The Herald reports:
The bulk of the revenue expected to be gathered from the proposed Capital Gains Tax will come because the Tax Working Group has not made allowances for inflation.
This is according to lobby group the Taxpayers’ Union, which this morning released a report which took aim at the proposed tax’s failure to adjust for inflation.
In February, the Tax Working Group (TWG’s) released its recommendations which included a broad capital gains tax (CGT).
The Government will soon outline which, if any, of the report’s recommendations it seeks to adopt.
The Taxpayers’ Union report said more than two-thirds of the proposed tax’s forecast revenue can be attributed to the effect of taxing “paper gains”.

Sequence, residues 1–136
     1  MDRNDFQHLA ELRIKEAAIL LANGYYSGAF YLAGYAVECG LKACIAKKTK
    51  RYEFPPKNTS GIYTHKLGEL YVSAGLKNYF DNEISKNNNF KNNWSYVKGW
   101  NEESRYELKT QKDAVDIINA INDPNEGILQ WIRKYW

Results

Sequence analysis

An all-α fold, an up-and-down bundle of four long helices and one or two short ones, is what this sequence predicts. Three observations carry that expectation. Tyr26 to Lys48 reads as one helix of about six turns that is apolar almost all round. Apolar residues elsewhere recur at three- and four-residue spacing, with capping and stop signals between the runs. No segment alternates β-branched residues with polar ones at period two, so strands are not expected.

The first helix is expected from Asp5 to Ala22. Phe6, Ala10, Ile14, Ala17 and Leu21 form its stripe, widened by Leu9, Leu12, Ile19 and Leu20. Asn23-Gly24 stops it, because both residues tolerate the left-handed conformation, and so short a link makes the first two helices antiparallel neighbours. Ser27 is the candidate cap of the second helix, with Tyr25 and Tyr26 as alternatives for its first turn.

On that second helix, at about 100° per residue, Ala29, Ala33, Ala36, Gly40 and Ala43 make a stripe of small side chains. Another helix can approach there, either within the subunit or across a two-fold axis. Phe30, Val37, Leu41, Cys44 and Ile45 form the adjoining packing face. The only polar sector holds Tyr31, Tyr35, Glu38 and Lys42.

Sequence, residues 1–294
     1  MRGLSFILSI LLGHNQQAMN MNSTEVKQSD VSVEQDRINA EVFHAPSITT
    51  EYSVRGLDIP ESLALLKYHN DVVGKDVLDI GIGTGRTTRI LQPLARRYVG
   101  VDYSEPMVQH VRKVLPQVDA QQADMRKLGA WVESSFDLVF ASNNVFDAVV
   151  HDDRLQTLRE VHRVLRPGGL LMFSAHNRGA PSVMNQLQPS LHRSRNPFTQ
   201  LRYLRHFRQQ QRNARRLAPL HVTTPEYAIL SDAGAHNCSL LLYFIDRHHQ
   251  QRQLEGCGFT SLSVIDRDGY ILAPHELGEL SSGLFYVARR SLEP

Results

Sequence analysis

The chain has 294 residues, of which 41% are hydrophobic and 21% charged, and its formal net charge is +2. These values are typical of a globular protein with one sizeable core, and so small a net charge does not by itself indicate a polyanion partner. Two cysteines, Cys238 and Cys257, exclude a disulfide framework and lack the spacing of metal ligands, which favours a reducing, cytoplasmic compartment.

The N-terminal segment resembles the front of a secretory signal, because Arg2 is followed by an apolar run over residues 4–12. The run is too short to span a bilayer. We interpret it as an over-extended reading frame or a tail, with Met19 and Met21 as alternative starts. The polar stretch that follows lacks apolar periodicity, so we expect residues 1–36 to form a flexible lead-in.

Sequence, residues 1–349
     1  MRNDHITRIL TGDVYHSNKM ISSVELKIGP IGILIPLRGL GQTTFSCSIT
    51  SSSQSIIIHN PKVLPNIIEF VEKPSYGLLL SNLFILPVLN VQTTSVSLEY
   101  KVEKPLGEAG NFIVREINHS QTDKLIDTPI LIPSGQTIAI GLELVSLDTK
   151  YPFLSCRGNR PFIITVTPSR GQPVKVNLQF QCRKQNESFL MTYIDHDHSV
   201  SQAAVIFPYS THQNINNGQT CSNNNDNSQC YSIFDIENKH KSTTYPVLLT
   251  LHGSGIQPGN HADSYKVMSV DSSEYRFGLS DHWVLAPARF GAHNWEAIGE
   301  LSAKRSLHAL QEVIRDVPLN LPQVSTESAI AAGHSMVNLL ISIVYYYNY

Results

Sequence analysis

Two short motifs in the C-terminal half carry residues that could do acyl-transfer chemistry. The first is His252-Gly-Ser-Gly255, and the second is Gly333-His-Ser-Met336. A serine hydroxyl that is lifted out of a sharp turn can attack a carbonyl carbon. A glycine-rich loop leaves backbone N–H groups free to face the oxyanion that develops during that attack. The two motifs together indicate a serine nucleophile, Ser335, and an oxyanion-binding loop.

In other words, the Government would be getting more money through taxing the on-going process of inflation, even when asset holders – such as a someone with an investment home or a bach – aren’t getting richer.
For example, the report said a $500,000 rental property could face a real capital gain of almost 56 per cent when sold after 20 years, as a result of the compounding effect of two per cent inflation over that period.
It may be even worse than that. From the report:
You buy a rental property for $500,000. It increases in value by 4% a year and inflation is 2% a year. You sell it for $1.095 million so a capital gain of $595,000 which gets a tax bill of $196,535.
But the actual real gain in value in the property has only been $242,973 so you are paying tax of $196,000 on a real gain of $243,000. When you take into account inflation on the tax also, the effective tax rate is 56%.